After six months of trying, I've discovered that achieving tight BG control is not simply a matter of counting and covering the carbs my daughter eats. I need to learn how her body reacts to various carbohydrates and various times of the day. This seems like a complicated task because of the many variables involved! How can I isolate what factor is impacting her BG levels at any given time?
Unfortunely (and frustratingly so)....you simply can't. But wait! There's still so much you can do to improve BG levels and determine trends! Your daughter may have different insulin to carb needs throughout the day. For example, someone might need 1 unit per 15 grams of carb for breakfast, but only 1 unit per 20 grams of carb for lunch (when they are more active). Adjustments in basal insulin may help throughout the day as well, but this can only be achieved when using an insulin pump. In my experience, there are individual responses to carbohydrates as well. You will pick up on these. I have some patients tell me that they are particularly sensitive to certain carbs, and require more than their customary dose of insulin to cover for those foods. To minimize such responses, try and make meals a mixture of carb (high fiber and less refined is best), protein and fat.
So many variables other than carbohydrate affect BG, such as physical activity, stress, illness and infection. These are very difficult, if not sometimes entirely impossible, to predict. The best weapon against BG fluctuation (and by far the best way to gather information) is CGM (continuous glucose monitoring). Research proves that you would have to do a fingerstick every 20 minutes to detect the mysterious trends you are asking about. That's where CGM comes in. CGM provides the user with a real-time glucose reading every 5 minutes and reveals important and valuable trends. CGM is a very flexible technology as well, as you can use it to detect trends and "tweak" basal rates and boluses, then reserve it for sick days, vacations, etc. However, reasearch shows that it is most beneficial when worn all the time - so that you're able to respond to lows or highs BEFORE they happen.Think of it as GPS for BG! Two CGM systems are currently available in the United States. The Dexcom Seven Plus CGM system is a "freestanding" system, although it is in line to be the CGM used in both the Animas and Omnipod insulin pumps. The Medtronic Revel insulin pump offers a CGM (sensor), and is the only pump in the United States to do so. If you're interested in learning more about CGM, here are some links:
There are also two books that I recommend:
"Think Like a Pancreas" by Gary Scheiner, MS, CDE
"Pumping Insulin" by John Walsh, PA, CDE and Ruth Roberts, MA
As always, work closely with your endocrinologist and be sure you're seeing your diabetes educator on a regular basis. Do you know much about carb factoring vs. carb counting? Results?
Can you explain?
Carb "factors" are otherwise known as an insulin-to-carbhohydrate ratio. Your carb factor is individualized to your specific needs. It reflects how many grams of carbohydrate is covered by each unit of rapid acting insulin. Example: Someone may take one unit of rapid actiing insulin (Humalog, Novolog or Apidra) for every 10 grams of carbohydrate they consume.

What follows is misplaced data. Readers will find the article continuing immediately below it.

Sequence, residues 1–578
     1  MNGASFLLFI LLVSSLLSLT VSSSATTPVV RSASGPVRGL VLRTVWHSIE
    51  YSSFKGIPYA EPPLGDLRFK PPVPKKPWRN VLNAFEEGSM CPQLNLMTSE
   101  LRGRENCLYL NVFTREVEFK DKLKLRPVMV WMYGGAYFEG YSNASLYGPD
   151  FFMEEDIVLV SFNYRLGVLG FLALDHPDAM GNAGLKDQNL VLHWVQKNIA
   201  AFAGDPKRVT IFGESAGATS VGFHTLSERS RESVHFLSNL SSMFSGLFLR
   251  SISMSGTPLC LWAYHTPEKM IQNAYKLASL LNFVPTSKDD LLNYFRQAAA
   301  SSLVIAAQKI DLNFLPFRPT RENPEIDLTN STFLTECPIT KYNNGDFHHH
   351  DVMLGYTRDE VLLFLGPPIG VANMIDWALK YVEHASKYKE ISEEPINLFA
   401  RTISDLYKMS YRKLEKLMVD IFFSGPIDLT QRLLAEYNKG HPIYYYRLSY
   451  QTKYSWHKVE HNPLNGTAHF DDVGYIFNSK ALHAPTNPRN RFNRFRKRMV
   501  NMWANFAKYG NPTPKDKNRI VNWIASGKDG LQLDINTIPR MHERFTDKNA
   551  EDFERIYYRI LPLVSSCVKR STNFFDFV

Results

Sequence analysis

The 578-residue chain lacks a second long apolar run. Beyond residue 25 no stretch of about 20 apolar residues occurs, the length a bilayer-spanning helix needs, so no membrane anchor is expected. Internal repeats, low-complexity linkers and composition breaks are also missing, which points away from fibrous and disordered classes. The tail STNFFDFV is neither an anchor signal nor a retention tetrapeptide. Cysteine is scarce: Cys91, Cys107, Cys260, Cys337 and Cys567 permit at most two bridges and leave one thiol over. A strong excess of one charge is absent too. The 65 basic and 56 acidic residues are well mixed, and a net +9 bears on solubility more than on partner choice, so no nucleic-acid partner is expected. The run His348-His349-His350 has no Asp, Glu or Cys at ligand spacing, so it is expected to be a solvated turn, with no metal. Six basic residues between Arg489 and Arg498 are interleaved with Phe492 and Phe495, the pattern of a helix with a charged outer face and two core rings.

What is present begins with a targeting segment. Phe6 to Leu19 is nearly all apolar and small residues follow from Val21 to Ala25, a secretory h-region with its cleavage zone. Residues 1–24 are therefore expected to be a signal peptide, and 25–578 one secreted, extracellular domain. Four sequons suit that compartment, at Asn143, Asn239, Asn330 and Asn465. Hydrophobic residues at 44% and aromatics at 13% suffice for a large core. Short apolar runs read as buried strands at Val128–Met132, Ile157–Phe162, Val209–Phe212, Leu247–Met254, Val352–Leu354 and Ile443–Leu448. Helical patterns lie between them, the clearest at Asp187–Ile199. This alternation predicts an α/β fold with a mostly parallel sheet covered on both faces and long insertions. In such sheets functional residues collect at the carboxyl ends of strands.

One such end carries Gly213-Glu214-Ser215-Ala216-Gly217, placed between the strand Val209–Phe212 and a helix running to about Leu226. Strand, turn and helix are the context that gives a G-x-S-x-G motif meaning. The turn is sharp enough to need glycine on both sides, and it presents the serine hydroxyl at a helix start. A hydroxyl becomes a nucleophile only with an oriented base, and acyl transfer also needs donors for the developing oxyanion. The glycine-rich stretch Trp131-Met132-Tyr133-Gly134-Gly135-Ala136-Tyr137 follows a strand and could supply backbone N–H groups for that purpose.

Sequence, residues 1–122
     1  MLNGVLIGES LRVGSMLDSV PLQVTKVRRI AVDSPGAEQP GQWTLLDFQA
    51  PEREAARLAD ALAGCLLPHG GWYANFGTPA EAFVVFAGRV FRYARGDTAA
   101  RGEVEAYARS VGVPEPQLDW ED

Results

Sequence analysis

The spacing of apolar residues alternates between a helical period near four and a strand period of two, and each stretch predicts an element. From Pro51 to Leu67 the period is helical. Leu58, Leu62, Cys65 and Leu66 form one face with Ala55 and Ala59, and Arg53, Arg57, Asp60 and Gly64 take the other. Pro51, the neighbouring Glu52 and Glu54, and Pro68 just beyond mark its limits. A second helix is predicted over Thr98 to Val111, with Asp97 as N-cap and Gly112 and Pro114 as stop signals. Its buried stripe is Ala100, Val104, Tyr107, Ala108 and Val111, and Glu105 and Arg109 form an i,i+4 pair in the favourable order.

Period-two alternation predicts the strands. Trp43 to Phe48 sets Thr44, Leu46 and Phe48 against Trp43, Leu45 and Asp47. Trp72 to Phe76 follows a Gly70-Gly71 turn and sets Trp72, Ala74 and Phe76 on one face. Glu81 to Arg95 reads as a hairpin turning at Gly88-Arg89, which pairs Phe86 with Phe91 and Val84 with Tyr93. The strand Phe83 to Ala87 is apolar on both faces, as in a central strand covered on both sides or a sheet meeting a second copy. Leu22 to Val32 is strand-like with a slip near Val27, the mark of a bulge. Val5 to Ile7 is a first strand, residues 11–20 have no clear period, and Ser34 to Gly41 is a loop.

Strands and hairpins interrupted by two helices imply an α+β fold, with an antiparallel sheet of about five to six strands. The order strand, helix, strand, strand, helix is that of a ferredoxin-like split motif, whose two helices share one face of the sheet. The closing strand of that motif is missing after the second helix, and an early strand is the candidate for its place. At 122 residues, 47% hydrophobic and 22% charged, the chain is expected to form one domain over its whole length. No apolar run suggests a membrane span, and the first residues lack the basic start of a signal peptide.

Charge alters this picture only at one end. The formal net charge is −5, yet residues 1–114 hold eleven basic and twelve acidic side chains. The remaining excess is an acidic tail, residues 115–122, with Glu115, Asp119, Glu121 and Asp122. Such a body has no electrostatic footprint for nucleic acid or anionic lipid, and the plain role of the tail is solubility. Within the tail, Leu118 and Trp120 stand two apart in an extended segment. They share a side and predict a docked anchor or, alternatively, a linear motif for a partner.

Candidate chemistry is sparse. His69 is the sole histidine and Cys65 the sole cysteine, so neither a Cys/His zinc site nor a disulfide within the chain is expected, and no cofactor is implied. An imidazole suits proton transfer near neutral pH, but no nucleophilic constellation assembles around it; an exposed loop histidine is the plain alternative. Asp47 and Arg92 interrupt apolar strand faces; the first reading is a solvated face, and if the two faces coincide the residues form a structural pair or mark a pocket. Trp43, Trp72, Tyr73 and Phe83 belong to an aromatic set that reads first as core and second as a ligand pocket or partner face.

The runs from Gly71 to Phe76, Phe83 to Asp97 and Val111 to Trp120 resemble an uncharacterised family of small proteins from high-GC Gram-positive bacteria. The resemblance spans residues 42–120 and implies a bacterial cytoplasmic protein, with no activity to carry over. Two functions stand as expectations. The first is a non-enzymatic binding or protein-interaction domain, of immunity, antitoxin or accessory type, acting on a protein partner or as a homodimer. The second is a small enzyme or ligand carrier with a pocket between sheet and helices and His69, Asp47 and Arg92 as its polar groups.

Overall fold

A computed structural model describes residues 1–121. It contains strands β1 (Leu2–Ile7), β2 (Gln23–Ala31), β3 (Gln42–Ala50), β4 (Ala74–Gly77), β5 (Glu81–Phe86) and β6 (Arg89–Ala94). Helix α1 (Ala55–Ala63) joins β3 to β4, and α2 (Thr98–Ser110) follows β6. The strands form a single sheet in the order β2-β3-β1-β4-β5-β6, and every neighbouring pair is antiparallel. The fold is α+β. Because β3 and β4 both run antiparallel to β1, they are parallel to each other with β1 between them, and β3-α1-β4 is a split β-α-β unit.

Carb "counting" is simply the act of accounting for the carbohydrates in a meal or snack to be consumed. Food labels, scales, and measuring cups can be used to carb count. One portion/serving of carbohydrate is considered to be 15 grams. This is equivalent to approximately 1/2 cup of many common carbs, such as corn, potatoes, many fruits and ice cream.
Can you suggest some 15g snacks w/ a good balance of carbs, fat and protein? (Something good to maintain (not spike) blood glucose overnight?)
A mixture of starch (1 slice bread, 6 crackers) or fruit (1 small banana, 1 small apple) with either peanut butter or cheese are quick and simple snacks. There are also many breakfast and snack bars that can be found that offer a mixture of carbohydrate, protein and fat. One such bar, made specifically for diabetes, is called "Extend." It comes in several different flavors, and has approximately:
20 grams carb
5 g fiber
1 g sugar
4 g sugar alcohol
The Extend Bar uses uncooked cornstarch, which is slowly digested and proven to assist in stabilizing blood glucose levels over an "extended" period of time - pun intended!
How often should you check your blood sugars? Example: If my son has a snack and checks his blood sugar and takes insulin for the snack and any correction, how soon after that does he have to check his blood again if he wants to eat more? Does he have to keep checking within a 2 hour time period? Every 30 minutes? What do you recommend?
Ahh! If only there were a clear cut answer! Each person with diabetes is different. The answer to your question depends on how long your son has been diagnosed, his current insulin regimen and blood glucose control, and activity level, to name a few. While it's appropriate to take insulin for all carbs consumed (unless blood glucose is low), do be careful not to correct for high blood glucose consecutively/too often. Although rapid acting insulins act quickly, they do remain in the system for 4-6 hours. Correcting more than once within a short time period can lead to "stacking" of correction doses, which can lead to a low blood sugar.
Work with your endocrinologist to maintain a program of monitoring and management that is just right for your son, and meet with your diabetes educator on a regular basis, and as needed when issues/questions arise.